The conserved Prp19 (pre-RNA processing 19) complex is required for pre-mRNA splicing in eukaryotic nuclei. Recent RNAi screens indicated that knockdown of Prp19 complex subunits strongly delays cell proliferation. Here we show that knockdown of the smallest subunit, BCAS2/Spf27, destabilizes the entire complex and leads to specific mitotic defects in human cells. These could result from splicing failures in interphase or reflect a direct function of the complex in open mitosis. Using Xenopus extracts, in which cell cycle progression and spindle formation can be reconstituted in vitro, we tested Prp19 complex functions during a complete cell cycle and directly in open mitosis. Strikingly, immunodepletion of the complex either before or after interphase significantly reduces the number of intact spindles, and increases the percentage of spindles with lower microtubule density and impaired metaphase alignment of chromosomes. Our data identify the Prp19 complex as the first spliceosome subcomplex that directly contributes to mitosis in vertebrates independently of its function in interphase.
Citation: Hofmann JC, Tegha-Dunghu J, Dräger S, Will CL, Lührmann R, Gruss OJ (2013) The Prp19 Complex Directly Functions in Mitotic Spindle Assembly. PLoS ONE 8(9): e74851. doi:10.1371/journal.pone.0074851
Editor: Claude Prigent, Institut de Génétique et Développement de Rennes, France
Received: May 23, 2013; Accepted: August 6, 2013; Published: September 19, 2013
Copyright: © 2013 Hofmann et al. This is an open-access article distributed under the terms of the Creative Commons Attribution License, which permits unrestricted use, distribution, and reproduction in any medium, provided the original author and source are credited.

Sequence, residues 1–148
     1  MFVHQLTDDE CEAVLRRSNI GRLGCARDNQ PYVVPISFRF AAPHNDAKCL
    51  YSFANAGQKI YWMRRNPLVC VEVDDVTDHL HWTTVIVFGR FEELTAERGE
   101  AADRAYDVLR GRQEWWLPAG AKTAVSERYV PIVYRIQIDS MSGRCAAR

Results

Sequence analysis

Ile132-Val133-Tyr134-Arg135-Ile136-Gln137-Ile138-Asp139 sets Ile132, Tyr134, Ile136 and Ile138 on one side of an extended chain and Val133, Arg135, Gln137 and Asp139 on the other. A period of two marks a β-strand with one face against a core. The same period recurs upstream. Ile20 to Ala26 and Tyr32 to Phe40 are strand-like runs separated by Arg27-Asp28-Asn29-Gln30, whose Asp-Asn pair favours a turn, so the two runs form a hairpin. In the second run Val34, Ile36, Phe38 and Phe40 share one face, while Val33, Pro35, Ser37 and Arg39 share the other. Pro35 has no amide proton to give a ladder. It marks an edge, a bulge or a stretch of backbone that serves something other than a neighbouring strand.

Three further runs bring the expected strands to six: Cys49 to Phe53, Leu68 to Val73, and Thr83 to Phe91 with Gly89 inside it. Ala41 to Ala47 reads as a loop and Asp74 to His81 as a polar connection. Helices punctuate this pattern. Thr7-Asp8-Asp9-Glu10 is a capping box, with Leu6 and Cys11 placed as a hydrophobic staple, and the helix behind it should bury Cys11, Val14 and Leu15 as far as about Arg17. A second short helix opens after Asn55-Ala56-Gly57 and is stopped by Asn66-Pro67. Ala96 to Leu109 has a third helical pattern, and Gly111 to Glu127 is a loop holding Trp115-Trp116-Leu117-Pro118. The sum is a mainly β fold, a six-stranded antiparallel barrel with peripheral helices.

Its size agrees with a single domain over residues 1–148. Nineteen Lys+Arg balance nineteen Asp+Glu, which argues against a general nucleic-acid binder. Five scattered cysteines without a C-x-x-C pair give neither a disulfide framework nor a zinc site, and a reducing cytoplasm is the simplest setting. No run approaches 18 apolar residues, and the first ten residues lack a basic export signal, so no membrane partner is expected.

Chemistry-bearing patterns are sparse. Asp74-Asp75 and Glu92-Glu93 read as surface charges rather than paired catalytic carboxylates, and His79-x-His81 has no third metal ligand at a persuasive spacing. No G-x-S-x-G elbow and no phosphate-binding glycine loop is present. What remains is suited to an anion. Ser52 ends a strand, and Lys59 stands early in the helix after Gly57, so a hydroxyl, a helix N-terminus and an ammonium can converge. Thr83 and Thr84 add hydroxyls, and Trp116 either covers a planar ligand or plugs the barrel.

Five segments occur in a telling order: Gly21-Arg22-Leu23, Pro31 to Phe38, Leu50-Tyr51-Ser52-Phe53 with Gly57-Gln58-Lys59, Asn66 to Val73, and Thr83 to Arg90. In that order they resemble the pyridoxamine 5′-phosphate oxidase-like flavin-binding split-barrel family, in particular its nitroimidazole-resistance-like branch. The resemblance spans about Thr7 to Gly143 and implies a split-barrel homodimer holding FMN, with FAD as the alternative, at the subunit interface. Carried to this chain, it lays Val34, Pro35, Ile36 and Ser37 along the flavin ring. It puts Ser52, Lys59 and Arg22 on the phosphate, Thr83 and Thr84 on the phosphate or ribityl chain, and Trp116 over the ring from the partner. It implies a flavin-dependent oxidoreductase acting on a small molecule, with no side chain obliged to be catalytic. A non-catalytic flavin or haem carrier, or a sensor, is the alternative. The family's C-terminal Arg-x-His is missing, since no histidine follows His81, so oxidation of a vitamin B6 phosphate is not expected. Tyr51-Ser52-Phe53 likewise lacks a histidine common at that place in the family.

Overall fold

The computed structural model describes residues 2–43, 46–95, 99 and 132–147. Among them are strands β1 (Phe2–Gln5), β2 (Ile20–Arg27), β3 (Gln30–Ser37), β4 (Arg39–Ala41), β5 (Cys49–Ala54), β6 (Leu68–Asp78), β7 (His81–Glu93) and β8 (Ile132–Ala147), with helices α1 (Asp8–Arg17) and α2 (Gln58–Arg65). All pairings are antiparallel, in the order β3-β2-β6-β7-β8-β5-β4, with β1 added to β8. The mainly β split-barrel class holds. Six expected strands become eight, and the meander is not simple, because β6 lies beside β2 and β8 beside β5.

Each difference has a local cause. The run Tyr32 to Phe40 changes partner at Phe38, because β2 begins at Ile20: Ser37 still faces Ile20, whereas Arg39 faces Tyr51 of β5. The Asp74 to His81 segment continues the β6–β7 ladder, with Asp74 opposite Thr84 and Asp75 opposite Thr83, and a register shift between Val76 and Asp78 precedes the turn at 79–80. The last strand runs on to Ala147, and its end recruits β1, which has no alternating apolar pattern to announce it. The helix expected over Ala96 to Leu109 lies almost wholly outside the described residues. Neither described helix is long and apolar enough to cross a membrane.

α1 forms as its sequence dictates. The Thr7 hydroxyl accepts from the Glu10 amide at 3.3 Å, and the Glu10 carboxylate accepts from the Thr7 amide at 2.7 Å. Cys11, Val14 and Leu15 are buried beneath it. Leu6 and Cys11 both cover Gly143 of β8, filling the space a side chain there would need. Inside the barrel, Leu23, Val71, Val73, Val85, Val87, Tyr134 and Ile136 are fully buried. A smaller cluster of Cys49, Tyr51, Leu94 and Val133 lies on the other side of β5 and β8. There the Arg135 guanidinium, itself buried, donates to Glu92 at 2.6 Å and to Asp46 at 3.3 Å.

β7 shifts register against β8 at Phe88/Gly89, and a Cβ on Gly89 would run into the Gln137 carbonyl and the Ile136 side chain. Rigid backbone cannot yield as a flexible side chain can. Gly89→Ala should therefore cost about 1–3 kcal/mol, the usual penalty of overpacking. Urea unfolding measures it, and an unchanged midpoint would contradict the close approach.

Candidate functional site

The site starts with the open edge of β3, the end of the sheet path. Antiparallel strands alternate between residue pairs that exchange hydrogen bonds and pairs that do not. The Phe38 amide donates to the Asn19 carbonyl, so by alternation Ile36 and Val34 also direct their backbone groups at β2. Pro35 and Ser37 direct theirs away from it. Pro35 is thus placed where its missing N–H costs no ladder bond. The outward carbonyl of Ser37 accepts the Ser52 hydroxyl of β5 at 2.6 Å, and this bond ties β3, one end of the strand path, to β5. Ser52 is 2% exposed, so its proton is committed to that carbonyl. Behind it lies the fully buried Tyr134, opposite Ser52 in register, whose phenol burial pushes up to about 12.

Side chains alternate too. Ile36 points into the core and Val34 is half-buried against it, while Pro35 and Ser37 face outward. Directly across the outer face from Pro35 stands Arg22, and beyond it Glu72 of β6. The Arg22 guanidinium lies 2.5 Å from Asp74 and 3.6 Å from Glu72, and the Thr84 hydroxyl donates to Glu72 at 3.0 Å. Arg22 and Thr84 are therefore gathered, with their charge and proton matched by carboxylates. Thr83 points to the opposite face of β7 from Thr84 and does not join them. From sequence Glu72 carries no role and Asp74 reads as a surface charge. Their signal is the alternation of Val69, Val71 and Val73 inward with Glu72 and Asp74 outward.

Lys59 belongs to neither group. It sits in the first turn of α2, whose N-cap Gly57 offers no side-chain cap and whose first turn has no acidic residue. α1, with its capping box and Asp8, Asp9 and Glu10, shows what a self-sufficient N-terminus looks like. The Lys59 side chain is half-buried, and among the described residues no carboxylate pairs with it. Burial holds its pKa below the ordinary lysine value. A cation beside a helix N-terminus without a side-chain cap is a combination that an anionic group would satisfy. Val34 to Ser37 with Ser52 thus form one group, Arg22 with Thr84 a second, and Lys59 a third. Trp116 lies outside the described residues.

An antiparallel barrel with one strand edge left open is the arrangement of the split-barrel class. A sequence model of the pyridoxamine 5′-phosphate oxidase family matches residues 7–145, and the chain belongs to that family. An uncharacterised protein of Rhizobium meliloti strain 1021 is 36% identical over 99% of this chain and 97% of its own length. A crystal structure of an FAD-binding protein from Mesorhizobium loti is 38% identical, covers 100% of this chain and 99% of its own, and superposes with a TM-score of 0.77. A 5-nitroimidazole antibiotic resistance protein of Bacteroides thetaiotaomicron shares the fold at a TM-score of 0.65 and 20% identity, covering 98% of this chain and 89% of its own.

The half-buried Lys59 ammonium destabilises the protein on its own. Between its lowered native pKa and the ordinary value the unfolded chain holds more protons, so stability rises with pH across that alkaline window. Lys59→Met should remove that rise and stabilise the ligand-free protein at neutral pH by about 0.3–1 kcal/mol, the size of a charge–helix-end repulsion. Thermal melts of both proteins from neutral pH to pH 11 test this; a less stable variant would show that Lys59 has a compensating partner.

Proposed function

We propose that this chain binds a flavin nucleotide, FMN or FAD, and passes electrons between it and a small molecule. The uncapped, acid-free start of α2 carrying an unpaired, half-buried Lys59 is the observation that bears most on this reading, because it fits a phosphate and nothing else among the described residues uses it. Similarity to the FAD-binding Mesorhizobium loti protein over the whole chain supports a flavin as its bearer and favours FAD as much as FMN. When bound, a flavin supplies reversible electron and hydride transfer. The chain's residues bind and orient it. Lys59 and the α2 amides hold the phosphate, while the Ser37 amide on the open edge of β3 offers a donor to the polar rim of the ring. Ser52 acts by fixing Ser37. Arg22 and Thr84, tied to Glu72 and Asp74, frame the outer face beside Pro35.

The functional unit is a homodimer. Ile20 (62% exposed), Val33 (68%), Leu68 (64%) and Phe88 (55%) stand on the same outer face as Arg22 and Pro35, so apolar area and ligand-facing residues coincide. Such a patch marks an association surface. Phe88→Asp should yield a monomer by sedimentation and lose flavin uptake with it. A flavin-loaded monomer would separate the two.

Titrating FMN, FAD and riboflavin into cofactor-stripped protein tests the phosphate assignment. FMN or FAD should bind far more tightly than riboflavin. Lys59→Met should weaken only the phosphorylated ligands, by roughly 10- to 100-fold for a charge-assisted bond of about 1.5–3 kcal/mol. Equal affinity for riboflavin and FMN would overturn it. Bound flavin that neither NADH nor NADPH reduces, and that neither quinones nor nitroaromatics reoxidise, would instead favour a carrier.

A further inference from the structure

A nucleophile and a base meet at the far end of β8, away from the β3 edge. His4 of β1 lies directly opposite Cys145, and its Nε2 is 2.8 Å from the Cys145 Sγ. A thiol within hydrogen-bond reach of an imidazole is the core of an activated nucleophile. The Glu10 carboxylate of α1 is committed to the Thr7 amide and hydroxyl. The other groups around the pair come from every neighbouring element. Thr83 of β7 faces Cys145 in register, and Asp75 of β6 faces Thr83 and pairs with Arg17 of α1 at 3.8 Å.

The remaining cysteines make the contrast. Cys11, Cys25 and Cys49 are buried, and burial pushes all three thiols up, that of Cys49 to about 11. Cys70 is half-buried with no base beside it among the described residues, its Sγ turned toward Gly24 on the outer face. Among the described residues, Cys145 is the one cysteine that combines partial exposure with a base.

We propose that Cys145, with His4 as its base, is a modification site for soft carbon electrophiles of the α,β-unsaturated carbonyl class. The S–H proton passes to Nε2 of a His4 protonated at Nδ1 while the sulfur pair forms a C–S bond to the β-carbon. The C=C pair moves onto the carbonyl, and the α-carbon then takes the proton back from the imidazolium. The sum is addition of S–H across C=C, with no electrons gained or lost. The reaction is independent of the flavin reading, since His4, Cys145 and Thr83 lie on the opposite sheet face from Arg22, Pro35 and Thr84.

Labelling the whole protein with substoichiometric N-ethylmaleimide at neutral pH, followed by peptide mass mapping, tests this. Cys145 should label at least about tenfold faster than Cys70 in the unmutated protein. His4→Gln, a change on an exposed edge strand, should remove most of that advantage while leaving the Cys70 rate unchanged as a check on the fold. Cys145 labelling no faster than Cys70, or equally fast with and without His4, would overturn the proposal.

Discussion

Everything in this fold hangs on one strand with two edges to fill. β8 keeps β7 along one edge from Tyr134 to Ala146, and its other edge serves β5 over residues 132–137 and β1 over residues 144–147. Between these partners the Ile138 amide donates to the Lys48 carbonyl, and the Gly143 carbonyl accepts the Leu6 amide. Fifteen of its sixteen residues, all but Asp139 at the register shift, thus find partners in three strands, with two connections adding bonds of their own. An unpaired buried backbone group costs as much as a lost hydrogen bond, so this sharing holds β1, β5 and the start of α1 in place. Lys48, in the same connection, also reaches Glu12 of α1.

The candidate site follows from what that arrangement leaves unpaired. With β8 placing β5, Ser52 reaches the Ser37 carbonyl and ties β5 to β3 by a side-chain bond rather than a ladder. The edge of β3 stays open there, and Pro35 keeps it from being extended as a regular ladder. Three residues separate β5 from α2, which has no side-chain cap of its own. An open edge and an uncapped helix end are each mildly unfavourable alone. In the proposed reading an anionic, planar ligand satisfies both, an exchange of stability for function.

Funding: The project was supported by the DKFZ-ZMBH Alliance and DFG Normalverfahren 1737/4 to OG, and a grant from the DGF SFB 860 to RL (www.dfg.de). The funders had no role in study design, data collection and analysis, decision to publish, or preparation of the manuscript.
Competing interests: The authors have declared that no competing interests exist.
To enable spindle formation, microtubules dramatically change their dynamics and organization at the transition from interphase to mitosis. Global changes in microtubule architecture are primarily a consequence of altered patterns of microtubule associated and microtubule motor proteins whose activity is regulated by cell cycle-dependent expression, posttranslational modifications and relocalisation from the breaking down nucleus in higher eukaryotes (open mitosis) [1-5]  [7-10]. TPX2, for instance, accumulates in the interphase nucleus during S and G2 phase but fulfills its essential function in mitotic spindle assembly in the M-phase cytoplasm after Nuclear Envelope Breakdown (NEB)  . The nuclear intermediate filament protein lamin B constitutes a spindle matrix in mitosis, supporting assembly and function of the microtubule-based spindle structure [13,14]. However, potential roles in cell division of most nuclear proteins, including proteins of the gene expression machinery involved in mRNA transcription and mRNA processing, remain largely unclear.
Comprehensive RNAi screens recently revealed compromised functions in cell proliferation after knockdown of proteins with established functions in splicing, in particular the components of the conserved Prp19 complex  [16,17] . The Prp19 complex consists of 4 core subunits in humans, PRPF19, CDC5L, PLRG1 and SPF27/BCAS2, as well as 3 associated proteins AD002, CTNNBL1 and HSP73   .
Proliferation defects upon knocking down Prp19 complex proteins, or other gene products required for splicing, may be a result of changed patterns of mature mRNAs, and consequently their respective translation products. Qualitative or quantitative alterations in splicing of mRNAs encoding spindle proteins or kinetochore components that have to be synthesized de novo in every cell cycle will cause mitotic abnormalities . Alternatively, proteins involved in splicing may have an additional, direct function in open mitosis.
Here we show that knockdown of Prp19 complex components in intact human cells leads to specific mitotic defects. Cells arrest at a prometaphase-like state due to chromosome alignment errors and defective microtubule to kinetochore interactions. In order to further analyze the function of the Prp19 complex in open mitosis, we employed Xenopus egg extracts, in which spindle assembly can be faithfully recapitulated . In this system, specific immunodepletion of the Prp19 complex directly in mitosis leads to an overall lowered spindle assembly efficiency, and the formation of spindles with lower microtubule density and compromised chromosome alignment. Our data strongly support the idea of a direct, interphase-independent role of the Prp19 complex in open mitosis.